Answer: These are the spores of slime mold. The name is a lot worse than the actual effect of the fungus. In truth, it’s of no concern at all. You’ll see it on grass blades, even on hard surfaces. Rinse it off with the garden hose, or just trim it away the next time you mow the lawn.

Question: I think I may have ruined my own tree. It’s a Little Gem magnolia, and it was professionally planted in my back yard in February 2008. Its trunk is about 2-1/2 inches in diameter. When it was planted, it was covered fully in glossy, dark green leaves. Then, in April last year, it burst into a spectacular profusion of gorgeous white blooms. A few days later, almost all the leaves fell off, seemingly overnight. They never came back, nor did it bloom again, and the tree continues to look as pictured a year later. Was my failure to fertilize it last June the cause? What can I do now? I don’t mind replacing it if I have to, as I’ve always wanted one. How long should I wait before I make that move? C., Plano.

Answer: Leaf drop is a normal late spring occurrence with all southern magnolias, although not to the extent that you have seen. Given good care this season, your tree may begin to fill in. However, most of the new growth will be at the tips of the branches and at the top of the tree. The bottom branches that are so bare right now probably won’t look a lot better. Fall is a great time to plant new trees, so that they can establish new roots over the late fall, winter and spring. Why don’t you leave it in place over the summer, then reevaluate at that time.

Question: My house faces east, and I love the shade that the red oak trees provide all day long. However, my problem is that the center of my yard has been resodded twice now. Each time, I have added organic material and thought I did everything right. I even had my soil tested – it is slightly alkaline. My back yard, which also has large trees, has beautiful grass. How do I get it to grow in the middle of the yard. K.C., no city given.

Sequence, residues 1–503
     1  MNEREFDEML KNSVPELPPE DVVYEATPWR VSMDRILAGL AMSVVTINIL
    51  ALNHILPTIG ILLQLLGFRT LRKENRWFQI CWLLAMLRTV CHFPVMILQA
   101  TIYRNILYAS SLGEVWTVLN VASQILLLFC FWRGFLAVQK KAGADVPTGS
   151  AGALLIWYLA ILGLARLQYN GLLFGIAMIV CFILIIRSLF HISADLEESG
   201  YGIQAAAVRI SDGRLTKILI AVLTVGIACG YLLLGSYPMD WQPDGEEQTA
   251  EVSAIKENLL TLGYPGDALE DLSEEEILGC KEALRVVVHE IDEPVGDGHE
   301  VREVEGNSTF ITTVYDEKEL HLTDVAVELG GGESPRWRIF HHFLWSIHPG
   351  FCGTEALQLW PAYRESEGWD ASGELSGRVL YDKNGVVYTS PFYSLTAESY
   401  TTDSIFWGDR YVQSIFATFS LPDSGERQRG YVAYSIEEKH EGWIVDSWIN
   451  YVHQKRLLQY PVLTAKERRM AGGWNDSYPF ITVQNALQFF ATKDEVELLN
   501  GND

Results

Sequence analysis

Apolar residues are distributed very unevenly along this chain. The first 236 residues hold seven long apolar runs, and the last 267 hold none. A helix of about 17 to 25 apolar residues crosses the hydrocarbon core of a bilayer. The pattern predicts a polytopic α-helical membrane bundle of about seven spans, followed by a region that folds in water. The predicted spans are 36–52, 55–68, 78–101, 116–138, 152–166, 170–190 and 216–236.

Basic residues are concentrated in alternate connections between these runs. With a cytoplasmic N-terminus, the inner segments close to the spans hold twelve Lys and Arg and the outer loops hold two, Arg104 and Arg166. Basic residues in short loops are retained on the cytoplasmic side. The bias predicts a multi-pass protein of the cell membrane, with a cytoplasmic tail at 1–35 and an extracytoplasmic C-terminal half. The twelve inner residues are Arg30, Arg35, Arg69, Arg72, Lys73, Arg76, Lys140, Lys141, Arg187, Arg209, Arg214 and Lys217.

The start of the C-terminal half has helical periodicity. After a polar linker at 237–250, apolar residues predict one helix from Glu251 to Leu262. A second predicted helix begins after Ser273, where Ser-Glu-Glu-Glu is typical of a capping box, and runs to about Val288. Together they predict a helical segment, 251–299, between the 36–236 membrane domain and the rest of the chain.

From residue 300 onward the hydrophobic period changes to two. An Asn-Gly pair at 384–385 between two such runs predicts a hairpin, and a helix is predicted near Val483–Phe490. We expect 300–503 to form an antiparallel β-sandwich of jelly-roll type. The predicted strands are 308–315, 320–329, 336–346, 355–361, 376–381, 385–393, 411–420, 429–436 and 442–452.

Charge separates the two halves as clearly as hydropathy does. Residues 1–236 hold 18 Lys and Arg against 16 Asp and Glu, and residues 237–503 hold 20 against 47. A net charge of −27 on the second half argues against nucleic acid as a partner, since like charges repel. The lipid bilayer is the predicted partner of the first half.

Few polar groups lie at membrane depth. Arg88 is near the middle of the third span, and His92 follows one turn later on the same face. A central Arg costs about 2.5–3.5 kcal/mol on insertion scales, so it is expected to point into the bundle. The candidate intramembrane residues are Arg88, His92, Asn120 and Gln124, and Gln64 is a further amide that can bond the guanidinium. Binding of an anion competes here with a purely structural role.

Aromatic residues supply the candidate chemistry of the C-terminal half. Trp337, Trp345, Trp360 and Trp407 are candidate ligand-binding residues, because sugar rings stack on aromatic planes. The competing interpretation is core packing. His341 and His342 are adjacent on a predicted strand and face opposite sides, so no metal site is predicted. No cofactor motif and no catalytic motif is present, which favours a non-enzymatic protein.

Answer: I can’t really tell from the photo, but if the affected area gets less than four hours of direct sunlight each day, no grass, St. Augustine or otherwise, is going to grow well. It may be that the grass in your back yard has ever so slightly more sunlight. The pattern, when we add new sod to an area that is heavily shaded, is that it looks good for several weeks, but as we mow and maintain it, we gradually see more and more of the soil that came with it. Eventually, we’re down to just a few runners here and there. Our options at that point are either to remove one or two low-hanging branches so that more sunlight can get in early or late in the day, or to replace the turf area with an attractive bed of mondograss, Asian jasmine, purple wintercreeper or some other shade-tolerant groundcover. If it’s any consolation, from my personal standpoint, this is gardeners’ all-time most-asked question. You’re certainly not alone.

Question: I grew this Eve’s necklace from a seed several years ago. It’s been planted in the ground for the past two years. It is starting to droop quite a lot, and I’m wondering if it will ever straighten itself out? G.M., no city given.

Answer: Trees that bend very rarely straighten out without help, and certainly not when they’re this far out of plumb. I can’t tell exactly what I’m looking at in the photo. It appears to be a very supple, tall trunk arching off to the right. But, there also appears to be a significant amount of growth coming up from the bottom of the tree. If that’s the case, your best chance at a straight, attractive trunk may come from those basal sprouts. You could remove all but a few now, to give them a chance to grow and prove themselves before winter. In the meantime, you could stake and guy the tall trunk to keep it upright. It might even help if you removed some of the top growth to lighten the load put on the trunk. Then, come winter, you could choose between the reshaped top growth or one of the new trunks that has arisen from the bottom. Hope that makes sense. Pruning is never an easy thing to explain strictly with words.

Posted by Neil Sperry